Breakdowns continue in 'embarrassing' loss

CLEVELAND -- On a night when it was tough to muster anything close to a compliment for the suddenly stumbling Cleveland Cavaliers, we all can, at the very least, give some credit to LeBron James for seeing this one coming.

After the Cavs beat the Toronto Raptors at home eight days ago to run their winning streak to eight games, the man with two rings and five trips to the NBA Finals on his résumé warned that success can be fleeting.

"I kind of stay even keel because it's too early in the season," James said at the time. "As fast as you can win five or six in a row, you can lose five or six in a row. So, it's a process of every day, getting better every day and taking on the next challenge. But I feel like, I always said it was going to take a few months."

Wednesday's 127-98 shellacking at the hands of the Atlanta Hawks wasn't the Cavs' sixth loss in a row, or even their fifth. But it was their third loss in their last four games, and when you lose by 29 at home to a team you beat by 33 the last time you played them, maybe things feel twice as bad as they really are.

"That was embarrassing how we played," Cavs coach David Blatt said. "I apologize to all the good fans that came out here, as they always do. Really just a poor, poor performance and I don't have a whole lot else to say."

Blatt might have been rendered speechless by the night, but plenty of questions come to mind after watching that debacle.

Like, what happened to the defense? How do you let an Anthony Davis-less New Orleans Pelicans team (after the first quarter) and a Jeff Teague-less Hawks team (from the start) average 123 points against you on a combined 60 percent mark from the field and 50 percent mark (28-for-56) from 3 in your last two losses?

James took exception to Blatt's "embarrassing" comment, quipping, "I'm embarrassed to lose in the Finals" (channeling his "RELAX" tweet from earlier in the season to offer proper perspective), but he was understandably down on the defense.

"Defensively we definitely took a step back," James said -- and he should include himself in that critique because he was beaten off the dribble on the perimeter on several occasions. "The communication, the breakdown, the pride -- I think the pride of actually defending one-on-one and guarding your man is something that we have to learn and rely on help second. So that plays a part into it as well."

And the two players who have been lauded for the individual leaps they've made on the defensive end this season -- Kyrie Irving and Kevin Love -- share plenty of that blame as well.

With Teague out, it should have been Irving's show. Instead, he was out-game-managed by Dennis Schroder, who started in Teague's place and dished out a career-high 10 assists to Irving's six. And he was outgunned by Shelvin Mack, who scored a career-high 24 points off the bench, including a 6-for-6 clip from 3, to Irving's nine points on 4-for-9 shooting (with an 0-for-3 line from 3).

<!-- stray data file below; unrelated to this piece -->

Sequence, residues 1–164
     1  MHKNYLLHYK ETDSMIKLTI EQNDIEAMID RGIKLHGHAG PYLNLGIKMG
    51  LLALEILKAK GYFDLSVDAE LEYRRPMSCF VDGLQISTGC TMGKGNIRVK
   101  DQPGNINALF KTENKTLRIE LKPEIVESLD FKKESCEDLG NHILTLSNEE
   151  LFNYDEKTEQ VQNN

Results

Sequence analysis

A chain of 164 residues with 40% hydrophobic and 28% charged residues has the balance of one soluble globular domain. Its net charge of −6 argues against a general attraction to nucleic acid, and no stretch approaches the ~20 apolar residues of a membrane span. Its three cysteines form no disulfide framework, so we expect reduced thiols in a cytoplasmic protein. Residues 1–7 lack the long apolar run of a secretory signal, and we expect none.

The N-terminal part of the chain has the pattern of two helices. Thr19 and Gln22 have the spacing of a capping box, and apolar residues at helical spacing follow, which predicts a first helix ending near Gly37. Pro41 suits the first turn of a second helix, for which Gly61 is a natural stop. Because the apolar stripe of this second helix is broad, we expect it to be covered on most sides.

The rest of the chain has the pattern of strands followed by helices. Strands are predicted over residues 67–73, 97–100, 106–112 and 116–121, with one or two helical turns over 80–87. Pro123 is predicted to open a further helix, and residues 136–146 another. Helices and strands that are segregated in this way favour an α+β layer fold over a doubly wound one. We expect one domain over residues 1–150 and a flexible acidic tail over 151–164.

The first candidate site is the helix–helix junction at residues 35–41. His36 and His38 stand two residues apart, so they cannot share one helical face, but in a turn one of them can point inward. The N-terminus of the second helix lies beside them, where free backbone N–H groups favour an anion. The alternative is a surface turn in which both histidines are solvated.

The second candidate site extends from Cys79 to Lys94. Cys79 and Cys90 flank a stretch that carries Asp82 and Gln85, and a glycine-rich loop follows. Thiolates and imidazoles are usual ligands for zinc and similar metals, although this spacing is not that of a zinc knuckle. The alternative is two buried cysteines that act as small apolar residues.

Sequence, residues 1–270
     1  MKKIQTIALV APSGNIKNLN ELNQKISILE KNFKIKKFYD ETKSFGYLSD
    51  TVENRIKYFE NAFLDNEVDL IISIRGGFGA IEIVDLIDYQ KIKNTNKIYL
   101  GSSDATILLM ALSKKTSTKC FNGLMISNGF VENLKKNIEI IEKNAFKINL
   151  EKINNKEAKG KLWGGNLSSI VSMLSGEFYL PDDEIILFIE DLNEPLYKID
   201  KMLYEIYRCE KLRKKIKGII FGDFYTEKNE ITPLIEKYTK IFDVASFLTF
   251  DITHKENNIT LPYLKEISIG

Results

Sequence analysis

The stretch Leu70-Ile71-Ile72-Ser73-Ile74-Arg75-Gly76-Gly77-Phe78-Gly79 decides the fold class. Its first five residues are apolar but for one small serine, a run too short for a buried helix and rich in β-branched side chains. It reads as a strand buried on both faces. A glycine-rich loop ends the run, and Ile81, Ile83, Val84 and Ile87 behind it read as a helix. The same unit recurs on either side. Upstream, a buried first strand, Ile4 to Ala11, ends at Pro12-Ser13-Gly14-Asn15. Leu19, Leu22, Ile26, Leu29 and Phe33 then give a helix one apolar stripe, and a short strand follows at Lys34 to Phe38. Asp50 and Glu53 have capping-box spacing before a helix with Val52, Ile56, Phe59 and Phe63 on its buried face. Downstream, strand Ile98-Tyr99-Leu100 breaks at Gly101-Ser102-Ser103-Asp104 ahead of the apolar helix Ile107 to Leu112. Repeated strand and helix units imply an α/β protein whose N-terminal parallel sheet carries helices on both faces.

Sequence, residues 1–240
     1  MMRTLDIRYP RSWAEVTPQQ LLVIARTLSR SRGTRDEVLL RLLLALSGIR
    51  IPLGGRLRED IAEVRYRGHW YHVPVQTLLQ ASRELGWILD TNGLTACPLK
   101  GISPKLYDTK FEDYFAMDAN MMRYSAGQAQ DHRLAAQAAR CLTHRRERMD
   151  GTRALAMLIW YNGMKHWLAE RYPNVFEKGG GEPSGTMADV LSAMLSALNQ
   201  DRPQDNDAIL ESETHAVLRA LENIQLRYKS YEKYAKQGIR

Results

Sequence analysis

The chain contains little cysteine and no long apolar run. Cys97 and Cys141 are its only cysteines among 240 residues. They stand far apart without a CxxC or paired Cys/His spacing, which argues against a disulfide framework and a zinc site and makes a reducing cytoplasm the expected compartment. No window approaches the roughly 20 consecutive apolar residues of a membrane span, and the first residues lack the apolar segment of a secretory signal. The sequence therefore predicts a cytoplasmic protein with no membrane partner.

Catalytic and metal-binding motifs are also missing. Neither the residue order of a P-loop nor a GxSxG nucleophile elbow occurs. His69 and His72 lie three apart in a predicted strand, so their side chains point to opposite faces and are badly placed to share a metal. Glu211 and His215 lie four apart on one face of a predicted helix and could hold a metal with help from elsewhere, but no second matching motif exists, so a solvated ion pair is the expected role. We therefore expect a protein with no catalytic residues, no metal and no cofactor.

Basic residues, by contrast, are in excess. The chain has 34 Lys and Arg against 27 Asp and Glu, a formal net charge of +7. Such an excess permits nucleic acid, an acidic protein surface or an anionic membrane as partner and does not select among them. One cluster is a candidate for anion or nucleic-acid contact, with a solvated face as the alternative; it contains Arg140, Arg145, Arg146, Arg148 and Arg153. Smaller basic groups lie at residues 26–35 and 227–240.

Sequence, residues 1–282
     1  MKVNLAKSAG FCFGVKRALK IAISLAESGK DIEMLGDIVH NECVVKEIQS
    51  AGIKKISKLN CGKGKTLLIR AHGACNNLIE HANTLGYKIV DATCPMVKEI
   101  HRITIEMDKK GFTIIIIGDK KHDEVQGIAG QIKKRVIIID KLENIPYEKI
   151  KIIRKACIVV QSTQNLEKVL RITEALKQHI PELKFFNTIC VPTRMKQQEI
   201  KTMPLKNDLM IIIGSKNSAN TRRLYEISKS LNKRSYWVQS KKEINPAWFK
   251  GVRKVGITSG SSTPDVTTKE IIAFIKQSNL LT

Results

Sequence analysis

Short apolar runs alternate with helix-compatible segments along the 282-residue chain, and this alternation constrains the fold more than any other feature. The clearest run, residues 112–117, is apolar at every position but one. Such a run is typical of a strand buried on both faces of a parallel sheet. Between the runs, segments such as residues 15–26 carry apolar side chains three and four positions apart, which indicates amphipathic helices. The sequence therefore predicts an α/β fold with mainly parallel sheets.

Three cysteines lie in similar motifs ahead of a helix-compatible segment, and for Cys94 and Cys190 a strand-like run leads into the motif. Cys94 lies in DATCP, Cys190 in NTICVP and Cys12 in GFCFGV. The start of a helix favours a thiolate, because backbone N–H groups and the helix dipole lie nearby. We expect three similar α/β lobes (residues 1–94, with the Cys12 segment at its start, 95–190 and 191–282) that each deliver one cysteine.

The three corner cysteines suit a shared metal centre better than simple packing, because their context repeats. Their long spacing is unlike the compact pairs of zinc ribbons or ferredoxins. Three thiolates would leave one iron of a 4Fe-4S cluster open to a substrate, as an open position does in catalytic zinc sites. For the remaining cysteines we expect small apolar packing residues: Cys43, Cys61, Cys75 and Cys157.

"I, myself, I lost Mack I think once or twice and he got going and it was tough to come back," Irving admitted after the game.

He actually admitted it well after the game, as Irving went back to the court following the team's postgame locker room talk to go through shooting drills for more than 45 minutes while arena workers cleaned trash out of the stands around him.

"I'm getting good looks," Irving said after making less than half of his shots for the seventh consecutive game -- totaling 38-for-101 in that span (37.6 percent). "I just got to knock them down for our team. It's frustrating for myself getting the looks that I was to get and they're either in-and-out or I'm just being lazy with my jump shot."

At least Irving immediately tried to fix one of the problems facing the team.

After getting repeatedly scored on in the third quarter by Paul Millsap and Al Horford, who combined to score 14 points in the period while Atlanta broke open the game with a 30-15 run, Love tried to downplay what happened on the defensive end.

"We took the individual challenge and just sometimes good defense is beat by better offense and that was kind of it tonight," Love said.

If that was good defense by the Cavs, Love might have been the only one to see it that way.

Said Blatt: "I thought our defense was nonexistent throughout."

Added James: "We can't be satisfied with the open looks that they got."

There's plenty the Cavs can't be satisfied with right now. As ugly as the ground we've already covered has been, we didn't even get into how they blew another big early lead again (12 points this time), or how the roster still lacks a rim protector, or how the rotations still aren't settled, or how they just got smacked around by a team they could face in the playoffs.

And that win against Charlotte on Monday in the midst of the other three losses? It wasn't all that grand. Yes, the Cavs jumped out to a 21-0 lead in the first six minutes, but they were outscored by 12 the rest of the way by a team that had lost 12 of its last 14 games.

This Cavs team that had supposedly rounded the corner is left searching for itself once again.

And while Irving sought out the court for sanctuary after the loss, James sat in front of his locker with his feet immersed in an ice bucket and his nose in a book -- "Occupy All Streets," a spirituality guide written by New York City pastor Carl Lentz.

Indeed, a little divine intervention certainly couldn't hurt in turning this group from pretenders to contenders.

"We got some work to do tomorrow," James said. "I don't view it as, 'We'll get them next time.' We got some work to do and we need to figure out why we keep having so many breakdowns."

James was right again.